The most common question I’ve received about next week’s NHL draft is, by far, “What should the Edmonton Oilers do with the fourth overall pick?”
So let’s tackle it. We know GM Peter Chiarelli has indicated the No. 4 pick is available should the right offer come his way. That doesn’t guarantee Edmonton trades it or should want to trade it. Let’s look at a few different options for Chiarelli next Friday night in Buffalo.
The question when it comes to the trade between the Chicago Blackhawks and Carolina Hurricanes is not which team won the transaction. We already know that. The more pressing question, one that will only be answered in the coming years, is just how badly did the Hurricanes fleece the Blackhawks?
And the reason why is pretty damned depressing. It’s because the salary cap punishes teams that develop good, young players and spends money to perpetuate a winning culture and rewards those who muddle around in mediocrity and do it on the cheap. The deal that sent Teuvo Teravainen and Bryan Bickell (and his $4 million cap hit) to the Hurricanes for a second-round pick in 2016 and a third-rounder in 2017 represents everything that is wrong with the salary cap.
The Chicago Blackhawks and Carolina Hurricanes have kicked off the off-season with an incredibly surprising trade.
The Hurricanes announced Wednesday they have acquired winger Bryan Bickell, 30, and center Teuvo Teravainen, 21, from the Blackhawks in exchange for a second-round pick, 50th overall, in 2016 and a third-round pick in 2017. It’s a deal that works for both teams, but one that’s especially good for the Hurricanes, who leveraged the Blackhawks’ need to move Bickell’s $4 million cap hit into landing a young, promising player in Teravainen.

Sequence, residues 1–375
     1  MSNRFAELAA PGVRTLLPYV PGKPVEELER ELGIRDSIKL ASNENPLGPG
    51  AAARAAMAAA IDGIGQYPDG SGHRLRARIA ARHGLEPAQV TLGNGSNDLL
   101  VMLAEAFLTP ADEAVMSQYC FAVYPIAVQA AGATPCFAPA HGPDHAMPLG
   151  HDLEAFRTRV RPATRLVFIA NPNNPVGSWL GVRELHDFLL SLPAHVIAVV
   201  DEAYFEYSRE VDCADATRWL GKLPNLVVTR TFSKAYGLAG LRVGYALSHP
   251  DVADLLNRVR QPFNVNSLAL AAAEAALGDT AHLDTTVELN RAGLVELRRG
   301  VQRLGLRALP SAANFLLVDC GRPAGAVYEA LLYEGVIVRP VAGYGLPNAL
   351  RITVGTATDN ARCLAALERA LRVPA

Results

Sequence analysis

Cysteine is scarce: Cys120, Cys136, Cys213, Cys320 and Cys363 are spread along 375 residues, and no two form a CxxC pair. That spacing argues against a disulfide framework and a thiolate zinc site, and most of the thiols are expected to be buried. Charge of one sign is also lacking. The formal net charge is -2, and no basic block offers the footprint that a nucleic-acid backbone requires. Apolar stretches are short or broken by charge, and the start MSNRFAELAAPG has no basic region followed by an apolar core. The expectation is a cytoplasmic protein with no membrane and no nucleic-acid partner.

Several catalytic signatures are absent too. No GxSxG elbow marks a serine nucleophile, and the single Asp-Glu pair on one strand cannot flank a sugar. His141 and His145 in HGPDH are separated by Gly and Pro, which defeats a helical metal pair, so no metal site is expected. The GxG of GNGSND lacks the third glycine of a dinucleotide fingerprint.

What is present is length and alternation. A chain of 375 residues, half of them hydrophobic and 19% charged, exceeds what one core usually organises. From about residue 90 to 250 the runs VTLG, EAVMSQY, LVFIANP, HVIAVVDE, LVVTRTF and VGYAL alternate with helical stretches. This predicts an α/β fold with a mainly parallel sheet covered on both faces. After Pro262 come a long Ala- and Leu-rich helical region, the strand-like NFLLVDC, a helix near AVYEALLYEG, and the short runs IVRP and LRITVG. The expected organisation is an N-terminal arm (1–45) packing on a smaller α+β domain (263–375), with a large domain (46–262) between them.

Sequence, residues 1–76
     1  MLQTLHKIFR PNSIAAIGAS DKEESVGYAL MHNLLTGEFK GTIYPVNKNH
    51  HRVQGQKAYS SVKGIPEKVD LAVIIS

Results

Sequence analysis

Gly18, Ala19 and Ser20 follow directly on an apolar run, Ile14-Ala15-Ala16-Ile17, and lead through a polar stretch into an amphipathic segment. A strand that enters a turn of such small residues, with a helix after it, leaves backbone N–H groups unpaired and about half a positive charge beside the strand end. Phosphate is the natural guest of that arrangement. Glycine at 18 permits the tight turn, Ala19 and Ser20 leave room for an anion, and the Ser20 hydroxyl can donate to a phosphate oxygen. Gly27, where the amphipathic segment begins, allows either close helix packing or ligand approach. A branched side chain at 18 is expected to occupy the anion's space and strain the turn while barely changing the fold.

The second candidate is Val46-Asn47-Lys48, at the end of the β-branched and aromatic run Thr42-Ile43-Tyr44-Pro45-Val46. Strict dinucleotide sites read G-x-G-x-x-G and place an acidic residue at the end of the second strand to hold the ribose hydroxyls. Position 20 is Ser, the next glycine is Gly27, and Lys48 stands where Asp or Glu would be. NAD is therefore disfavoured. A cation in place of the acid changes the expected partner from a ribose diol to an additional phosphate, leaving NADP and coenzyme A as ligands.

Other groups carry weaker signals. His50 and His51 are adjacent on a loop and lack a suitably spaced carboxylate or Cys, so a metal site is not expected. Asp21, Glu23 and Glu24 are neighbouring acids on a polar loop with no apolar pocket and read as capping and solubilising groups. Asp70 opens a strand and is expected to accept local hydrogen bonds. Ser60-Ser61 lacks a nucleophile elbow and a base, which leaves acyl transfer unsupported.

“This deal allowed us to use some of our collected draft picks to improve our group of forwards for the coming season by added two Stanley Cup champions,” Hurricanes GM Ron Francis said in a release. “Teuvo is a young, highly-skilled player still on his entry-level contract who is coming off of a strong first full NHL season, and Bryan is a veteran who has experienced great success in his career. Both players give our organization more options and flexibility among the forward ranks.” Read more
Draft day has usurped trade deadline day and free agent day as the NHL’s most exciting off-ice event, and it’s not because of the drafting. The last weekend in June has become a lightning rod for blockbuster trades because, unlike at the trade deadline, almost every franchise is a theoretical suitor for any available player. The market doesn’t necessarily split between buyers and sellers. Every team has winning in mind, albeit some make moves for the short term and some trade for long-term assets.
Last June gave us the jaw-dropping Dougie Hamilton deal on draft day, and that was just the beginning. Milan Lucic, Martin Jones, Ryan O’Reilly and Carl Hagelin, among many others, also changed teams over the weekend. Phil Kessel, Patrick Sharp and Brandon Saad followed days later.
It’s a virtual guarantee some marquee names move next week in Buffalo, with all 30 GMs scurrying around the First Niagara Center’s floor. Who are the top 10 draft-day trade candidates? Ponder these players, ranked from least to most likely.
SAN JOSE – This is something that simply needs to be said. The Pittsburgh Penguins are on the verge of winning their fourth Stanley Cup in franchise history because of Phil Kessel. Now sit back and let that sink in for a minute. And if you’re a fan of the Boston Bruins or Toronto Maple Leafs, please stay a safe distance from sharp objects.